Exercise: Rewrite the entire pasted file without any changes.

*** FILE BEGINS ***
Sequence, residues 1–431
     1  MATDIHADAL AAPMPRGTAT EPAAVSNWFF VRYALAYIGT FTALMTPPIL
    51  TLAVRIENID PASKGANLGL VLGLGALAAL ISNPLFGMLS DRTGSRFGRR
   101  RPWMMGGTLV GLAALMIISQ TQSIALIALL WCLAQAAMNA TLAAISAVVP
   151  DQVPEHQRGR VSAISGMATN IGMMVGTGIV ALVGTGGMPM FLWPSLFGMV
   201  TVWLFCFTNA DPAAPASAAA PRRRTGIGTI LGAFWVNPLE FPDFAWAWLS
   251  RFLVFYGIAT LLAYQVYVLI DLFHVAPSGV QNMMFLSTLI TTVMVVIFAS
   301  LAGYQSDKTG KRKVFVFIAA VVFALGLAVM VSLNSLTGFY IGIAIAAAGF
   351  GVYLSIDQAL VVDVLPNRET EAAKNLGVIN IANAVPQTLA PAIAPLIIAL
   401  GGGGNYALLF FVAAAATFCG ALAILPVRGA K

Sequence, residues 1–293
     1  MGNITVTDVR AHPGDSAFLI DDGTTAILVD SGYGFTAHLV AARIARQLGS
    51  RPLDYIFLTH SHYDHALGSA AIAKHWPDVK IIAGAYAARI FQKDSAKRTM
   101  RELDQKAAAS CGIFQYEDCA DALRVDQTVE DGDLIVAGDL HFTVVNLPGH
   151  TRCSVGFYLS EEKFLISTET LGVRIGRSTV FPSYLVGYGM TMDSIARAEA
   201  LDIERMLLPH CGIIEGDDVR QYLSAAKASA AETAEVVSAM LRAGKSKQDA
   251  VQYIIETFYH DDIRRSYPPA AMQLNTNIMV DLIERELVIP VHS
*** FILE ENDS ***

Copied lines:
Sequence, residues 1–431
     1  MATDIHADAL AAPMPRGTAT EPAAVSNWFF VRYALAYIGT FTALMTPPIL
    51  TLAVRIENID PASKGANLGL VLGLGALAAL ISNPLFGMLS DRTGSRFGRR
   101  RPWMMGGTLV GLAALMIISQ TQSIALIALL WCLAQAAMNA TLAAISAVVP
   151  DQVPEHQRGR VSAISGMATN IGMMVGTGIV ALVGTGGMPM FLWPSLFGMV
   201  TVWLFCFTNA DPAAPASAAA PRRRTGIGTI LGAFWVNPLE FPDFAWAWLS
   251  RFLVFYGIAT LLAYQVYVLI DLFHVAPSGV QNMMFLSTLI TTVMVVIFAS
   301  LAGYQSDKTG KRKVFVFIAA VVFALGLAVM VSLNSLTGFY IGIAIAAAGF
   351  GVYLSIDQAL VVDVLPNRET EAAKNLGVIN IANAVPQTLA PAIAPLIIAL
   401  GGGGNYALLF FVAAAATFCG ALAILPVRGA K

Sequence, residues 1–293
     1  MGNITVTDVR AHPGDSAFLI DDGTTAILVD SGYGFTAHLV AARIARQLGS
    51  RPLDYIFLTH SHYDHALGSA AIAKHWPDVK IIAGAYAARI FQKDSAKRTM
   101  RELDQKAAAS CGIFQYEDCA DALRVDQTVE DGDLIVAGDL HFTVVNLPGH
   151  TRCSVGFYLS EEKFLISTET LGVRIGRSTV FPSYLVGYGM TMDSIARAEA
   201  LDIERMLLPH CGIIEGDDVR QYLSAAKASA AETAEVVSAM LRAGKSKQDA
   251  VQYIIETFYH DDIRRSYPPA AMQLNTNIMV DLIERELVIP VHS